U.S. chalks up potential for civil war between Kurds and Iraqis to a ‘misunderstanding’

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Tensions in and around Kirkuk — a city within the eponymous governorate that has been under the control of Kurdish Peshmerga forces since 2014 — are set to ignite a new round of fighting in northern Iraq. Rudaw news agency reported on Tuesday that Iraqi forces have also taken back swaths of territory in Diyala and Nineveh provinces, with Kurdish President Masoud Barzani set to make a statement today in an attempt to avoid “civil war.”

A flurry of messages coming out of the United States, however, make it seem as though the administration of President Donald Trump was caught off guard by this, which is baffling, as the situation has been several months in the making. And all President Trump has (publicly) said so far is that the United States “like[s] the fact that they’re clashing. We’re not taking sides.”

The situation is complex: In aiding the U.S.-backed central government in Baghdad in the fight against the self-proclaimed Islamic State (ISIS), the Kurdish Regional Government (KRG) has taken over several cities, including the large and oil-rich Kirkuk, which was not a part of the autonomous region. The Kurds scheduled a September 25 referendum to formalize their autonomy, something opposed by Baghdad, as well as neighboring Iran and Turkey (both countries have significant Kurdish minorities and worry about similar movements within their own borders).

The referendum passed, with the participation of Kirkuk, a non-KRG area. Baghdad sent various warnings saying it did not accept the referendum results and even tried to dismiss the governor of Kirkuk. The political stakes for Barzani are too high to back down, and the same is true for Iraqi Prime Minister Haider al-Abadi, who, while enjoying the full support of the United States, really needs the Kurdish vote in the spring 2018 parliamentary elections in order to stay in office.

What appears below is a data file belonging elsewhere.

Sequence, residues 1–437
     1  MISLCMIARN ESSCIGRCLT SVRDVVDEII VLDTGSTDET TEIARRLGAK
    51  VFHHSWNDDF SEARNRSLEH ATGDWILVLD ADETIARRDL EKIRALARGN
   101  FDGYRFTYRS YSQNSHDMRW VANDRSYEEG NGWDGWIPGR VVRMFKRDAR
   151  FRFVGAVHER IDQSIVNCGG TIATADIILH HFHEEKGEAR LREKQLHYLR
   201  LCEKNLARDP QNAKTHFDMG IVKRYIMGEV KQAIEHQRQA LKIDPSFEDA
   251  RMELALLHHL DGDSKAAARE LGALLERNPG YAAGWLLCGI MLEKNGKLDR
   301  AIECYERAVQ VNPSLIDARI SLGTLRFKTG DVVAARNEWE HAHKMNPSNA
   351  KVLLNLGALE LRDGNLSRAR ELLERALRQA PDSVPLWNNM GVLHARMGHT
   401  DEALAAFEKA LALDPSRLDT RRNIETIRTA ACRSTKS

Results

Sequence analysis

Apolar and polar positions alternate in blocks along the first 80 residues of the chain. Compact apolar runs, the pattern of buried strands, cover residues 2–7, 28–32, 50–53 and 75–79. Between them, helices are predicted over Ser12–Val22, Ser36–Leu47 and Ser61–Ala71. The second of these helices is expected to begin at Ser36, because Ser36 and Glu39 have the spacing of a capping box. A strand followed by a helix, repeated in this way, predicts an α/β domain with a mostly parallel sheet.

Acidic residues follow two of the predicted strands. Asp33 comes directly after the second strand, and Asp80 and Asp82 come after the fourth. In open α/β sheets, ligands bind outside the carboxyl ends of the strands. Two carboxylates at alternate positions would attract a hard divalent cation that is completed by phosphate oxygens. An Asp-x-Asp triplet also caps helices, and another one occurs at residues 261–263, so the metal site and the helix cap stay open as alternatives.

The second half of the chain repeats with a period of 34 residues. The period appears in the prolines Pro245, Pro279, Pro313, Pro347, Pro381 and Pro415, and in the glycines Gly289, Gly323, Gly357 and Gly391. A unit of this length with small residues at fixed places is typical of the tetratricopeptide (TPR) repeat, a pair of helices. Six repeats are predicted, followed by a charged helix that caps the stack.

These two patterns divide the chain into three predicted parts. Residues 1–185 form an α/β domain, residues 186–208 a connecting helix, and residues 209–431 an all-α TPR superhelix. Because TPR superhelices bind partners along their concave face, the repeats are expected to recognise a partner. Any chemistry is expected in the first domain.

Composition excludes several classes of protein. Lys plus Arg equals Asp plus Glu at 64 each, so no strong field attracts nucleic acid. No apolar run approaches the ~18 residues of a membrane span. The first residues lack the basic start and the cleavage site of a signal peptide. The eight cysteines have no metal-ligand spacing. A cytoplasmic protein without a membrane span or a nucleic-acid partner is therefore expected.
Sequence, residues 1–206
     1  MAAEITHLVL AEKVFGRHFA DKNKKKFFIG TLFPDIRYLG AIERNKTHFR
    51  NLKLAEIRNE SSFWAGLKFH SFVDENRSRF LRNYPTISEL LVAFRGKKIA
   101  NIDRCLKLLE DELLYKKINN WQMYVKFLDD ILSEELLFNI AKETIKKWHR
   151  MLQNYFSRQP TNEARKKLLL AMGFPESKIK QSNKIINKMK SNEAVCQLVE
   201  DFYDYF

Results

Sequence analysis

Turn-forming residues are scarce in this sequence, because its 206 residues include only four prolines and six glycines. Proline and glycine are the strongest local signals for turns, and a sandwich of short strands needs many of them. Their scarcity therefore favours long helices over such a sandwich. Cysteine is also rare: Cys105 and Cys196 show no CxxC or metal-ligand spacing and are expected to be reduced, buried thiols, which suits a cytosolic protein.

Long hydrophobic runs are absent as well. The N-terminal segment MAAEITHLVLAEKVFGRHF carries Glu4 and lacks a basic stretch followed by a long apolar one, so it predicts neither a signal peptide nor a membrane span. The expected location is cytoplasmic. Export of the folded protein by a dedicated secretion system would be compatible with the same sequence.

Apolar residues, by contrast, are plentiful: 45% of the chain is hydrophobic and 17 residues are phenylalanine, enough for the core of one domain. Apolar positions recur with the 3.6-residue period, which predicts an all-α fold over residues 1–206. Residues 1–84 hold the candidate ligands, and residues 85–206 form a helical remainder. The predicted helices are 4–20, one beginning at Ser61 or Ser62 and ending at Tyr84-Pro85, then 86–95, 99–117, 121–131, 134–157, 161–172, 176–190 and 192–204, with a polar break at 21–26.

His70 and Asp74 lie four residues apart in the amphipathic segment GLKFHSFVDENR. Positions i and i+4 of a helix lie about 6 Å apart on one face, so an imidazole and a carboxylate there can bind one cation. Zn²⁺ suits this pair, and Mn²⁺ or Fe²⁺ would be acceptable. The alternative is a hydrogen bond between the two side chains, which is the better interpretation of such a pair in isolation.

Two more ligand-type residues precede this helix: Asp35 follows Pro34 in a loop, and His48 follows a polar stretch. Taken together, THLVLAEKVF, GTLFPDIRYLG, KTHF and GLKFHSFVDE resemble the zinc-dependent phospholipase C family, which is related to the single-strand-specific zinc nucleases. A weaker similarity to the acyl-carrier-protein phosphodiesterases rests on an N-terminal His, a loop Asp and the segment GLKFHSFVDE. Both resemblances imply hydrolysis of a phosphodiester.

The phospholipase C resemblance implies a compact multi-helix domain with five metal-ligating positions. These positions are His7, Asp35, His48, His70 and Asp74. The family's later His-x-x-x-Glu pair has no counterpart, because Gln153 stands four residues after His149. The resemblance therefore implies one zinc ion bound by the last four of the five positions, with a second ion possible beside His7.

And now, the very thing that has been anticipated for weeks has happened: Iraqi forces, with the support of the predominately Shia Hashd al-Shaabi militia, have started the operation to take back Kirkuk. And the only party that seems surprised by this is the United States.

There were two statements issued on Monday — one was a coalition statement indicating that coalition forces are supporting neither the Iraqis nor the Kurds, and that any shots fired were the result of “a misunderstanding.”  However, according to Al Jazeera, which could not independently verify the information in its article:

Residents of the multi-ethnic city, home to about a million Arabs, Kurds, Turkmen and Christians, stayed inside and reported hearing sporadic booms they said sounded like shelling and rocket fire. The Kurdistan Region Security Council said in a statement that the Peshmerga destroyed at least five Humvee armoured vehicles being used by the state-sanctioned militias following the attack south of the city.

An Iraqi Kurdish commander said the fighting with Kurdish forces caused “lots of casualties,” without providing a specific figure. Brigadier General Bahzad Ahmed said the Iraqi troops “burnt lots of houses and killed many people” in Tuz Khurmatu and Daquq, south of the disputed city.